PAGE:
In business, there is an old adage, “You get what you measure.” But the big question is, will you get what you want? Too many innovation-measurement systems are designed in a way that inadvertently creates undesirable behaviors. They measure the wrong things, resulting in poor results. In general, there are four types of innovation measures:
1. Activity/Capability Measures. These measure the activity associated with participation in your challenges and the overall innovation program (e.g., number of registered solvers, number of submissions per challenge, percentage of time invested in innovation.)
2. Solve-Rate Measures. These subjectively measure how well you solved your challenges (e.g., percentage of challenges partially solved, percentage of challenges completely solved, potential value of solutions).
3. Implementation Measures. Finding solutions to your challenges is not enough. You need to implement the solutions in a cost-effective and timely manner (e.g., percentage of solutions implemented, time to market, implementation costs, percentage of on-time product launches).
4. Value Realization Measures. These measure the actual value accrued (e.g., increase in revenues, reduction in costs, percentage of revenue from innovations introduced in last six months, overall Return On Investment).
Of course we want our innovation efforts to result in value — the last measure — as this is where the rubber meets the road. But sometimes value realization can take years or, in the case of pharmaceutical companies, decades. Therefore, you need the first three measures as a way of monitoring progress with your program in the short term. These are leading indicators that can help predict long-term success.
The first category is useful in measuring trends over time for things like community engagement, effectiveness of internal communications and quality of challenges.
But sometimes measuring activity can be misleading.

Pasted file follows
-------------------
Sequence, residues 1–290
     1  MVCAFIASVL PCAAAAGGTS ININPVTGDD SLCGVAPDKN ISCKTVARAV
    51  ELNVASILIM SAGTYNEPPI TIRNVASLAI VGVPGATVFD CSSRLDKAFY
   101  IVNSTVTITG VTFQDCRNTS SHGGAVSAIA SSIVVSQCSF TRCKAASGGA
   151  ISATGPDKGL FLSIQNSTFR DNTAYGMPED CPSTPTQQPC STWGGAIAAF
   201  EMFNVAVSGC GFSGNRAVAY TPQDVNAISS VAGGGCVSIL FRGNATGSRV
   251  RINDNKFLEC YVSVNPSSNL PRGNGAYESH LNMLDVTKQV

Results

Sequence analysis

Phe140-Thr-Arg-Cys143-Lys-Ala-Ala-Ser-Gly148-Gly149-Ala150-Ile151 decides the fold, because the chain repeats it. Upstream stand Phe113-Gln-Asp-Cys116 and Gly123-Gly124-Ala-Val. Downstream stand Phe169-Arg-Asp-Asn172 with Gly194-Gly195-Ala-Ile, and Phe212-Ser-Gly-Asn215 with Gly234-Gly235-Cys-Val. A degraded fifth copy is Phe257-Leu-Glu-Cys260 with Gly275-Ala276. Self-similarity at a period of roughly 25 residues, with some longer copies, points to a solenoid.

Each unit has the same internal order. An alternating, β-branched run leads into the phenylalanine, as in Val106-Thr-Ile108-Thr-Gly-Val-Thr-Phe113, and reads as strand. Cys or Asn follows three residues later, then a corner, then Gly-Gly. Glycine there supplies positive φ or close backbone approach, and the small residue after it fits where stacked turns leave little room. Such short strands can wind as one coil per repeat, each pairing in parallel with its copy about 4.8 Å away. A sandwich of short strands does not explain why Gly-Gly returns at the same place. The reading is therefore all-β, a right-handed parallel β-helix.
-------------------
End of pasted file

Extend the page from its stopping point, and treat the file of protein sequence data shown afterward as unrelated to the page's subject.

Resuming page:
When working with clients, one of the most common activity measures is the number of solutions submitted for a given challenge. But this often leads to misleading results. Which is better: getting one hundred solutions or getting only two solutions? Although most people intuitively think that one hundred is better than two, this is not necessarily true. As pointed out earlier, it is not the absolute number that matters but rather the proportion
of good solutions to bad solutions. If you received one hundred solutions where only two of them were exactly what you needed and the other 98 were duds, this would be worse than getting just two that were right on the money.
The key is to make sure you understand the unintended consequences of your measurement system, especially when it comes to activity measures. If used properly, these measures can help you drive higher solve rates.
Higher solve rates do not always lead to greater value. High solve rates with low value can indicate the following problems with your innovation program:
- Poor implementation. You are unable to convert solutions into finished products/services.
- Poor commercialization. Your solutions do not meet the needs of the market/customers and therefore do not generate revenue.
- Poor relevance. Your challenges, although solved, are not important enough to “move the needle” of the organization’s innovation efforts.
Measures are important for helping track your innovation efforts, and they can help diagnose potential issues, but it is important to measure the right things. Simply shifting what you measure can significantly impact the results.
Peter Drucker once said, “If you can’t measure it, you can’t manage it.” Yes, measures play an important role in innovation. They give a snapshot of performance, they provide early detection of potential issues and they drive behaviors. The key is to use the right measures in
a way that helps, rather than hinders, innovation